The most likely outcome of an embargo on oil purchased from Iran is that the countries participating in the embargo buy less oil from Iran while other countries not participating in the embargo by more oil from Iran (, ). While this would produce some dislocations, if total world oil production doesn’t change, it would have little effect on either Iran or oil-consuming countries, and would basically be a symbolic gesture.
If instead the embargo is successful in reducing the total amount of oil sold by Iran, then the shortfall for global consumers would have to be met by some combination of increased production elsewhere and oil price increases sufficient to bring down global petroleum demand.
As for the first possibility, there appears to be only a limited amount of excess oil-producing capacity at the moment, and certainly far short of the 4.3 million barrels per day that Iran produced in the first three quarters of 2011.
And for the second possibility, it is useful to draw a comparison with previous episodes in which geopolitical events led to production shortfalls from key producing areas. The figure below summarizes world oil production (first column) and oil prices (second column) following 4 dramatic events: the embargo by the Arab members of OPEC following the Arab-Israeli War in September 1973, the Iranian Revolution beginning in November 1978, the Iran-Iraq War beginning in September 1980, and the First Persian Gulf War beginning in August 1990. The loss in production from the affected countries (as a percent of the pre-war world total) is indicated by the dashed line. In each case, there was some offsetting increase in production elsewhere to help make up some of the loss, with the net change in total global production indicated by the solid line. The second panel shows the change in the price of crude oil. At their peak disruptions, these events took out 4-7% of net world production and were associated with oil price increases of 25-70%.
And each of these events was also followed by a recession in the United States. The table below summarizes the average annual growth rate of U.S. real GDP in the 5 quarters following the above oil price increases. Instead of growing at the historical average of 3.2% per year, U.S. real GDP fell in each case.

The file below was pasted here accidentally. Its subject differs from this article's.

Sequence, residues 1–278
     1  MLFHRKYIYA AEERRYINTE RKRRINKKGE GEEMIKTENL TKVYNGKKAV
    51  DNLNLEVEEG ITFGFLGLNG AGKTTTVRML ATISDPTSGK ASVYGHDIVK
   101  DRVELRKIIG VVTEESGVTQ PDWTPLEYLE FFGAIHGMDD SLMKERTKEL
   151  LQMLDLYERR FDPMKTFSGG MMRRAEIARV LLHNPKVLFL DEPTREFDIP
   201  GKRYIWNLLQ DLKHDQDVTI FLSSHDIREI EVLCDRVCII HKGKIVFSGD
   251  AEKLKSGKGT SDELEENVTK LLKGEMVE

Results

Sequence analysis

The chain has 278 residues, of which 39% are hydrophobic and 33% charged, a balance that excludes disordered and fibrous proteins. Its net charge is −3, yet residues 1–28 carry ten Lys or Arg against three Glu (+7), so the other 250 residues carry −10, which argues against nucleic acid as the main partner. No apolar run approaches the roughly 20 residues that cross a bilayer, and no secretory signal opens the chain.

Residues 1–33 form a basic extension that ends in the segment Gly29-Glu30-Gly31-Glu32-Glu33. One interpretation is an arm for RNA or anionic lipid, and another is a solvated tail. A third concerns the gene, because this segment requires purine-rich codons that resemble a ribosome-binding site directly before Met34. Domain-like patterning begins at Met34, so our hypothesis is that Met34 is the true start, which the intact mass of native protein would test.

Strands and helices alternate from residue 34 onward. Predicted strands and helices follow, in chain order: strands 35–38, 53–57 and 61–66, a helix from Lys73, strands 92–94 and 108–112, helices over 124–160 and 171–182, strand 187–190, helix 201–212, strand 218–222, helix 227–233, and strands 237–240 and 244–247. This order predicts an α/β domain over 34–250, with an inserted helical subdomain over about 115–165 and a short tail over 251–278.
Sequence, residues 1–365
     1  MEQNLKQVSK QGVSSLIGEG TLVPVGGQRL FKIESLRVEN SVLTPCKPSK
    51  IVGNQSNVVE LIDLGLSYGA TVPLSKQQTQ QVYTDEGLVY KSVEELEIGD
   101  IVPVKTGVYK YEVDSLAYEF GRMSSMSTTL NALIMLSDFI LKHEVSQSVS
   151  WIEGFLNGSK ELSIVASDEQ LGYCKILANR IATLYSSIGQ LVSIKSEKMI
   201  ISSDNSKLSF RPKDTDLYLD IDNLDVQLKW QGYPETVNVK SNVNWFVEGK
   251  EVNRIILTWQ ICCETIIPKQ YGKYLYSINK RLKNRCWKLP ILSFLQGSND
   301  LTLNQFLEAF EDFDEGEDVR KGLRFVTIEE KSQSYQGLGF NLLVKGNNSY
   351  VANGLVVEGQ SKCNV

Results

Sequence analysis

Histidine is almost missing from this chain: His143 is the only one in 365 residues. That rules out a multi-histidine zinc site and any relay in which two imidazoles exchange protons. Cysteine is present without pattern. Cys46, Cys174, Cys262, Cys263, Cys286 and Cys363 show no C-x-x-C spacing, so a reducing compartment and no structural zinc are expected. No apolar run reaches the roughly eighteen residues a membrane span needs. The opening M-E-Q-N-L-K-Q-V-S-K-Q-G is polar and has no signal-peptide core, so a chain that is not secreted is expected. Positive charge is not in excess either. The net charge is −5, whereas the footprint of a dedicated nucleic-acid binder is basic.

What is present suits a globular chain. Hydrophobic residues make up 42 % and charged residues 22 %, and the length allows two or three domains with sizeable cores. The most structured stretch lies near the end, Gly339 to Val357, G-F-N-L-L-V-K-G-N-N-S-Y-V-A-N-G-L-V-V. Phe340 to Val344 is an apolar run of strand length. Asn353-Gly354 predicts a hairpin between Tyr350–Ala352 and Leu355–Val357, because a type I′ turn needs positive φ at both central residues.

The table below provides some perspective on some of the oil-producing regions currently in the news. Although Iran has been getting a lot of attention lately, it’s worth remembering that conflict could also easily flare up in either Kazakhstan or Nigeria. Kazakhstan represents about 2% of current world production, which would be about a third a size of any of the four events mentioned above, and similar to the contribution Libya had been making before last year’s disruption in that country, which was a key factor in last year’s 20% increase in the price of Brent. If all of Nigerian production were to be lost, that would be about half the size the events listed above or 1.5 times as big as Libya or Kazakhstan. By contrast, the loss of all Iranian production would be a comparable event to the four described earlier; indeed, Iran itself figured prominently in 2 of those 4 episodes.
|Location||Oil production||% of world total|
And if an embargo was successful, it is unreasonable to assume that Iran would not try to retaliate in some way. The country has threatened to close the Strait of Hormuz, through which 17 million barrels of oil, or about 20% of total world production, flow each day.
As for the likely consequences for oil prices of any supply disruption, the short-run price elasticity of gasoline demand appears to be quite low. Since crude oil represents about half the cost of the retail product, the elasticity of crude oil demand might be expected to be about half of that for gasoline. As a rough rule of thumb, I use a short-run price elasticity for crude oil of 10%. For example, if the lost production were confined to Iran alone, we might expect to see something like a 50% increase in the price of crude oil.
Some economists have claimed that the U.S. economy is less vulnerable to oil price shocks than it used to be. Close down the Strait of Hormuz, and you’ll get a good test of that theory.
This post originally appeared at Econbrowser and is posted with permission.